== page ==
University of Michigan Demonstrates Novel Memory Disaggregation Technology


The lack of memory capacity in traditional computer clusters is a significant limitation to application performance in the datacenter. A new memory disaggregation technology developed at the University of Michigan is designed to help alleviate this critical obstacle.

The problem is common to many datacenter environments, from HPC clusters to cloud server farms. In general, DRAM capacity is often a limiting factor in these scaled-out systems since compute power has leapt ahead of memory advancements. Even in cases where the total amount of memory across the entire system is adequate, local demands may overwhelm (or underwhelm) particular servers.

Researchers at the University of Michigan think they have found an answer, at least for clusters whose networks support Remote Direct Memory Access (RMDA). They claim that the software they have developed, known as Infiniswap, can “boost the memory utilization in a cluster by up to 47 percent, which can lead to financial savings of up to 27 percent.”

In a nutshell, the software tracks memory utilization across the cluster, and when a server runs out of memory, it borrows memory from other servers with spare capacity. Although remote memory access is going to be slower than accessing local memory, it’s going to be much faster than swapping the data out to disk, the usual method used to free up extra space.

According to the researchers, the Infiniswap software that does this is itself distributed, so can scale with the size of the cluster. Other than network gear that supports RDMA, Infiniswap isn’t dependent on any particular type of hardware and doesn’t require modifications to the applications.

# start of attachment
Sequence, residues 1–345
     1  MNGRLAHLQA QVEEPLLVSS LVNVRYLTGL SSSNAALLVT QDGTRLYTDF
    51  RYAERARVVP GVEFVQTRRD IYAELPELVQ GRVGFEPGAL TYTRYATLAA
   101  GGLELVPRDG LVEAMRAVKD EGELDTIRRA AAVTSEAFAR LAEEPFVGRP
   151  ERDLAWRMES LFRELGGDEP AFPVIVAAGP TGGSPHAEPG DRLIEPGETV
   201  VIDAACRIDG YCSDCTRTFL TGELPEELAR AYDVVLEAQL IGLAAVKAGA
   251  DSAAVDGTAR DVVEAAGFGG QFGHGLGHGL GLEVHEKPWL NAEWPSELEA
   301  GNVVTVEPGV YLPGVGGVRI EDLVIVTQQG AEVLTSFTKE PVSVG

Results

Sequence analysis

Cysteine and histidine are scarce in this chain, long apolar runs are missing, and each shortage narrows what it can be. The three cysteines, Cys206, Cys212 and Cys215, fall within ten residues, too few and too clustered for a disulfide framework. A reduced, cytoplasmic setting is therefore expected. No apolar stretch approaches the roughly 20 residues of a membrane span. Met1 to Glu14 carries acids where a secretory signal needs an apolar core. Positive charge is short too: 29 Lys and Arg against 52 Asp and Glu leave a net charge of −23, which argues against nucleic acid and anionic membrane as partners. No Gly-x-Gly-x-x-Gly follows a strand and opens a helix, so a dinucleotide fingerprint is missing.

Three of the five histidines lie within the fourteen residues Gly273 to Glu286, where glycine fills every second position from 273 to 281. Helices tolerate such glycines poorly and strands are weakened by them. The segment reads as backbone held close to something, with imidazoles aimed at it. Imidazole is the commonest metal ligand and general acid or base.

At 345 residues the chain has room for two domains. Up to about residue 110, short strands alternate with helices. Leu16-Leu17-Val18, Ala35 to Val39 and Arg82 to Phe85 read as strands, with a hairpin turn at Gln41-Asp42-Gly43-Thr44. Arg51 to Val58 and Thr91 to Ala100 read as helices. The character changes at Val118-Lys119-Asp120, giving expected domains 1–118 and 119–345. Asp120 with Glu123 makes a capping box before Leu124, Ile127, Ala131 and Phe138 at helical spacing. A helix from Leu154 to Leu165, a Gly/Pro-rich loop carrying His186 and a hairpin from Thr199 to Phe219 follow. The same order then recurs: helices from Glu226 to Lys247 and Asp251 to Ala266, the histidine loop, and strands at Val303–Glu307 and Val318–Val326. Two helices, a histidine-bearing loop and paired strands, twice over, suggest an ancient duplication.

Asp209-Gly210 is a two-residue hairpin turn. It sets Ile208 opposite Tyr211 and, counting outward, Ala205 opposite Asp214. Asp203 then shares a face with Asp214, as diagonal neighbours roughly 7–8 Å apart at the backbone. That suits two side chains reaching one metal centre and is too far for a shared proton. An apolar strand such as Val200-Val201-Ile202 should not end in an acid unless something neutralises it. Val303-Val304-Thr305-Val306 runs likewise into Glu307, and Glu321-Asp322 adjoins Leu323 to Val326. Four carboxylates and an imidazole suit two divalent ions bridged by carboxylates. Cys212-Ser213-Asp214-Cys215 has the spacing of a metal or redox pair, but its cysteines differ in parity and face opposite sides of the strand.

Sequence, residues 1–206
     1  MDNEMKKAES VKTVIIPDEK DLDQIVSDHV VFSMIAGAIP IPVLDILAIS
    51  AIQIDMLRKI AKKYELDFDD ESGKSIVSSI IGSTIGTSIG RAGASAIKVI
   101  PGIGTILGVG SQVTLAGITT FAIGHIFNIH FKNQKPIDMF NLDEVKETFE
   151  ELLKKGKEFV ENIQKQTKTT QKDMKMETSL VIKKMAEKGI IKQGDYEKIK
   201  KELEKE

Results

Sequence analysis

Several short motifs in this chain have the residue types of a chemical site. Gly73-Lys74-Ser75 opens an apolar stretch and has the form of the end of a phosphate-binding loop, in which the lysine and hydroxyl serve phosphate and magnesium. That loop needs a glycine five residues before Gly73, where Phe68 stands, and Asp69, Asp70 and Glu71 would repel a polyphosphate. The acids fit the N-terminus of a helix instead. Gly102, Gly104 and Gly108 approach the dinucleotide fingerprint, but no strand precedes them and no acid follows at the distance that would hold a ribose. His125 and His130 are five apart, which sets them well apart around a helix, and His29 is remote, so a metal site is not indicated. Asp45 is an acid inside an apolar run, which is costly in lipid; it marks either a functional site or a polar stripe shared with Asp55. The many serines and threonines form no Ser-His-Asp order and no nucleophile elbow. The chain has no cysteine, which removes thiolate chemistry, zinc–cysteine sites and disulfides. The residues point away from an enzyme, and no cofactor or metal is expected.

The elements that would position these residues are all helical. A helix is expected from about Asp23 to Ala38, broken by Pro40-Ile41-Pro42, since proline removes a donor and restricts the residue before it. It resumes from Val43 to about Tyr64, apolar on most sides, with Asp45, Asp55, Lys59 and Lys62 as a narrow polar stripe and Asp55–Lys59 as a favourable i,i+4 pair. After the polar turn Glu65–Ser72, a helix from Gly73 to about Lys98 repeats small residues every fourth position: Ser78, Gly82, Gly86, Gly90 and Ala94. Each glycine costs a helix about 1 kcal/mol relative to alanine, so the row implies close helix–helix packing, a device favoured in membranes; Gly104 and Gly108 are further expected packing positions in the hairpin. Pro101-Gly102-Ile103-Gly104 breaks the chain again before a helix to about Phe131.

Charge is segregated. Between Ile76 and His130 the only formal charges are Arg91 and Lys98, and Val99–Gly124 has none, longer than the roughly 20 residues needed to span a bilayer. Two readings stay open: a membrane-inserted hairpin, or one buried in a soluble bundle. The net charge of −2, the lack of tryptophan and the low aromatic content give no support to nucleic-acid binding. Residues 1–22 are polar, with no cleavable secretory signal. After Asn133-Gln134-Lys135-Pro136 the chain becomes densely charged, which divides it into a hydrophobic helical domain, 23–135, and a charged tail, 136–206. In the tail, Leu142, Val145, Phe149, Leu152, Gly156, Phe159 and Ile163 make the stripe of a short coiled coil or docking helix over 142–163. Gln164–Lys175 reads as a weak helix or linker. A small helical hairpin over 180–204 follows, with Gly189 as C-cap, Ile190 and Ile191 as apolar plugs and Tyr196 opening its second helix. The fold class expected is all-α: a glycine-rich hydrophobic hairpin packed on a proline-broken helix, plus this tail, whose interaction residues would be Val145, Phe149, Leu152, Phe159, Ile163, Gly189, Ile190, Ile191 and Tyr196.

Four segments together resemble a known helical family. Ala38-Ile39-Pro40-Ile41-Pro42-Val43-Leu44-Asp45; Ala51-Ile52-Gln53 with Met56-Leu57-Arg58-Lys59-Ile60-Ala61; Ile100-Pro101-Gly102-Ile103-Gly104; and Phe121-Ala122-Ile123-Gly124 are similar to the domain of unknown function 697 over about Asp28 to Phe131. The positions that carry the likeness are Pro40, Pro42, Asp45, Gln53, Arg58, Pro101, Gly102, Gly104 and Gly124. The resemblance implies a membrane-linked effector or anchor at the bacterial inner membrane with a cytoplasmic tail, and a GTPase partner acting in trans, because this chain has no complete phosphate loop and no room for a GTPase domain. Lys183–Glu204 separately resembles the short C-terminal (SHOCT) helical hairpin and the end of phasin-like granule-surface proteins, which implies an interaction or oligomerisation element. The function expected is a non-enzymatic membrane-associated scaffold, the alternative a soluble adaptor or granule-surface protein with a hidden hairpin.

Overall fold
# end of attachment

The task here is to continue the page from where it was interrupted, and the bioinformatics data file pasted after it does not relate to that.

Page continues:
The researchers tested Infiniswap on a 32-node cluster with typical workloads that stress the memory subsystem, specifically “data-intensive applications that ranged from in-memory databases such as VoltDB and Memcached to popular big data software Apache Spark, PowerGraph and GraphX.” They found that the software improved throughput by 4 to 16 times, and tail latency (the speed of the slowest operation) by a factor of 61.

According to project lead Mosharaf Chowdhury, Infiniswap wouldn’t be practical without today’s faster networks. "Now, we have reached the point where most data centers are deploying low-latency RDMA networks of the type previously only available in supercomputing environments," he explained.

Infiniswap is open source and is available in the GitHub repository. A paper providing a detailed description of the software and how it works is available here.

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